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“I am the Light of the World”

Regular columnist John Myhill argues that we need a better understanding of the Light if we are to lead people away from the darkness in our world.

“And the darkness did not understand the LIGHT” (John’s Gospel chapter 1)

The worrying rise in diagnoses of mental illness, especially amongst the young, should encourage us to examine ourselves and the social groups and countries to which we belong.  Are more people living in darkness?  What are we doing to bring them into the Light?  When we see the political divisions in elections and referenda, how do we help people to love their enemies?  When we see the increasing numbers of homeless on our streets, how do we help people to love their neighbours?
Kurtz, in “Heart of Darkness” by Joseph Conrad, believes it is necessary to use horrendous torture if he is to achieve control of a barbaric people.  He is not a mad psychopath.  If he goes mad in the end, it is only because he realises the horror of what he had done. He breaks down, as we all do, when we recognise the contradiction between our ideals and the darkness of their results (madness caused by emotion, empathy and guilt, not by the lack of these qualities).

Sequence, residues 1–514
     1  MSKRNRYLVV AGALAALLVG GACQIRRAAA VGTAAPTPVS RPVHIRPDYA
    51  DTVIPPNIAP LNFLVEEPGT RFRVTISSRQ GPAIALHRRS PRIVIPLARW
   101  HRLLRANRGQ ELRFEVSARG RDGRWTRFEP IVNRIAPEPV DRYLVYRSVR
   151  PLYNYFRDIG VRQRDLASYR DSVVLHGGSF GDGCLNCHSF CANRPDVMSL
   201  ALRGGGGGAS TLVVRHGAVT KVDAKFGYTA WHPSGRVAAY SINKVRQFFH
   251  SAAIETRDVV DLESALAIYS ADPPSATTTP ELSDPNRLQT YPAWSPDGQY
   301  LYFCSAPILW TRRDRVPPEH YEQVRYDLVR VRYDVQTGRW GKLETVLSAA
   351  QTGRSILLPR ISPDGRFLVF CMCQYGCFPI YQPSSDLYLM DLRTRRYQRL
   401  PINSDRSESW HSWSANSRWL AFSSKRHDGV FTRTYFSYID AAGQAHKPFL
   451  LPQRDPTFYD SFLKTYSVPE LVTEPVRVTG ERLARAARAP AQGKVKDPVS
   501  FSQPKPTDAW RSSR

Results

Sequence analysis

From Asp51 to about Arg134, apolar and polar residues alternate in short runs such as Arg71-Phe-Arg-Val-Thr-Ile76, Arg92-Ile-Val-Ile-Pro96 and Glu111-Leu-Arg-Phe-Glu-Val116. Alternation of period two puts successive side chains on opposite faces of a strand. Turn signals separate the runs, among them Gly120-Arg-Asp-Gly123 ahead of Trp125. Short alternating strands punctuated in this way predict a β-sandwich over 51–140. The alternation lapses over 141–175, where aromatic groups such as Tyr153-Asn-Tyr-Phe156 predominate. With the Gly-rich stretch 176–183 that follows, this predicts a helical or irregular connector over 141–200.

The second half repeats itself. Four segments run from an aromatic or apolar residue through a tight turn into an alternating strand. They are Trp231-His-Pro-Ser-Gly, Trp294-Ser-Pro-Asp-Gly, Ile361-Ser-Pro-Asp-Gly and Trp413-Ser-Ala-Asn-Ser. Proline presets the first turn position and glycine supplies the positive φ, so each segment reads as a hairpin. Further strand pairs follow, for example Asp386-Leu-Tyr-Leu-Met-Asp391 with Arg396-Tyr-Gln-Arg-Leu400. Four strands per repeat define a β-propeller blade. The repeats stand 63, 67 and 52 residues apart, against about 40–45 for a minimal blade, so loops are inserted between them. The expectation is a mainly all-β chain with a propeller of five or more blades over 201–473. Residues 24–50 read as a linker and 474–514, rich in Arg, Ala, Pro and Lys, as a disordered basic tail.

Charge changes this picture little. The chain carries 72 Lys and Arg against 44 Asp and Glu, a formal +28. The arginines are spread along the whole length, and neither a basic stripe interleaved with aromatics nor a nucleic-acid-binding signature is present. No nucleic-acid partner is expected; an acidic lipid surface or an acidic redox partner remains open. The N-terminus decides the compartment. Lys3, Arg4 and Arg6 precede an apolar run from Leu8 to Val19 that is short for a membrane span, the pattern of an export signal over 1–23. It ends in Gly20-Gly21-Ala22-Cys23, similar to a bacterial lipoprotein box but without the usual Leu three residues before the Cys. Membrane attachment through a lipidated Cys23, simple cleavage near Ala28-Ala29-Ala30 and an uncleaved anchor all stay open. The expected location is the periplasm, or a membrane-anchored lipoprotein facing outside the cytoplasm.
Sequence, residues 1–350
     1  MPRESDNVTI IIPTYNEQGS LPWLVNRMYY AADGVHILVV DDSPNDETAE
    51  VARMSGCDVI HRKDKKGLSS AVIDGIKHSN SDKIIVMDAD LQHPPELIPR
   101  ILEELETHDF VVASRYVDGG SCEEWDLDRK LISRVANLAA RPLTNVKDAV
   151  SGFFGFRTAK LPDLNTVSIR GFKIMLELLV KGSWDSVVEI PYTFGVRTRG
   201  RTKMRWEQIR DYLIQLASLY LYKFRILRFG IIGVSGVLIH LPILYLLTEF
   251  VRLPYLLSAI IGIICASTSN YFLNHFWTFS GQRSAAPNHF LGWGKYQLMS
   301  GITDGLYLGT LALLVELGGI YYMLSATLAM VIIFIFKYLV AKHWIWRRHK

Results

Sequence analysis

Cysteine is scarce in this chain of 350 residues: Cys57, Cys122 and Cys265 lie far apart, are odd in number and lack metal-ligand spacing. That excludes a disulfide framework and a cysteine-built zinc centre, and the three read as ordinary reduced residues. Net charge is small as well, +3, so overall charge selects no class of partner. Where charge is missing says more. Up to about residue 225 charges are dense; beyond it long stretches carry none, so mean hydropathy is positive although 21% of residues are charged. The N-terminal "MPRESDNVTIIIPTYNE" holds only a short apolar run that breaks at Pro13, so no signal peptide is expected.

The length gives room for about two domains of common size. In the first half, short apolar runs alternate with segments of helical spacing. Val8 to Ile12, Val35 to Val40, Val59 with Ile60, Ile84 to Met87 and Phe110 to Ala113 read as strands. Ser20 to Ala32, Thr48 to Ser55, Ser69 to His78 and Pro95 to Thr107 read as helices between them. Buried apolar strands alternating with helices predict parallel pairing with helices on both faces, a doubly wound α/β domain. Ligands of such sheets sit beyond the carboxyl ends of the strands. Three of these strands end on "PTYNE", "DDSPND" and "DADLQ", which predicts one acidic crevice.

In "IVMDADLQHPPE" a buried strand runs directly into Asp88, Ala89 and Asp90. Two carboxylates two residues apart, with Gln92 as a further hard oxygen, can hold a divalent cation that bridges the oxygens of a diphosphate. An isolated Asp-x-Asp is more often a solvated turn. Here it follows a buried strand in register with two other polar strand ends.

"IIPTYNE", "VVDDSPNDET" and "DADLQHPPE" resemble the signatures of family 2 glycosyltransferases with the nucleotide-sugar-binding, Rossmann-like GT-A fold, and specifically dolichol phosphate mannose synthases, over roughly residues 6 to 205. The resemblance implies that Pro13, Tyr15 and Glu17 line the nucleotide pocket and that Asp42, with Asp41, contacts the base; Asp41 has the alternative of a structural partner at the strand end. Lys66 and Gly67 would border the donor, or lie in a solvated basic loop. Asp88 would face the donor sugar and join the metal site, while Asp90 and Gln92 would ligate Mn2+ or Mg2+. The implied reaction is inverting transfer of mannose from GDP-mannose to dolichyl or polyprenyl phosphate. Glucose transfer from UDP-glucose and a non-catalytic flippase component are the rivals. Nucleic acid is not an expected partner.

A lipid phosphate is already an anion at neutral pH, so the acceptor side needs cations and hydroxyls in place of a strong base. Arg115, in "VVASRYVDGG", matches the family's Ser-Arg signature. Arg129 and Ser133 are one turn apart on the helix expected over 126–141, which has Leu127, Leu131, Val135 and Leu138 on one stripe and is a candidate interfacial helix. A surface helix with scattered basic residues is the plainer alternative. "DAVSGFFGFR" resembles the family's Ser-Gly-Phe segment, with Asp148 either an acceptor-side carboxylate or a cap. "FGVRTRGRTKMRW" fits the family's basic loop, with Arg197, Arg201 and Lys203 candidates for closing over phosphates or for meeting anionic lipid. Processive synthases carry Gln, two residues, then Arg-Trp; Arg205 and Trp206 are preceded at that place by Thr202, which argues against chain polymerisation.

It is now commonplace for national leaders to condemn such actions and apologise to the descendants of those who suffered.   But the actions occurred because people gave power to such people, sometimes supporting them as heroes, sometimes turning a blind eye to the source of their financial benefits.  On such actions were empires built.
In retrospect, we wish to see them as “psychotic” or “sociopathic”.  But they felt they were acting as rational individuals dealing with the issues in front of them.  Their actions would not have been possible if they had not been supported by most of the people in their country.  People who corporately shared many of the characteristics of Personality Disorder.

It is not Pontius Pilate or the high priest who causes the death of Jesus, but the crowd who cries “crucify”.
An organisation (or other social group)  proceeds with its rituals, habits, social codes and moral expectations, ruled mainly by what Burke calls “latent reason” (things have always been done this way because it works) until a tipping point, when the majority in the organisation feel it is not working: the political party is not getting elected; the social group is fragmented with people taking sides; disruptive people are not disciplined; the reasons that brought the majority into the organisation are no longer achieved and people are leaving in large numbers; or people are joining the organisation in large numbers and changing its purpose.  They have lost faith in their leaders.
At this point, there is a sudden up-thrust of discontent, which will focus on an individual with a will to power.  We live in discontented times and thus it is easier to find a majority in any social group, who wish to be led towards: exclusion, scapegoating, territorialism, sectarianism and conflict with those outside the group.
As Christians, we must lead people away from all these things, to understand the Light, and learn to love.

The above image is courtesy of https://pixabay.com/


JohnMyhill450John Myhill is a Norwich Quaker, retired magistrate and author. His blog is at http://johnmyhill.wordpress.com/

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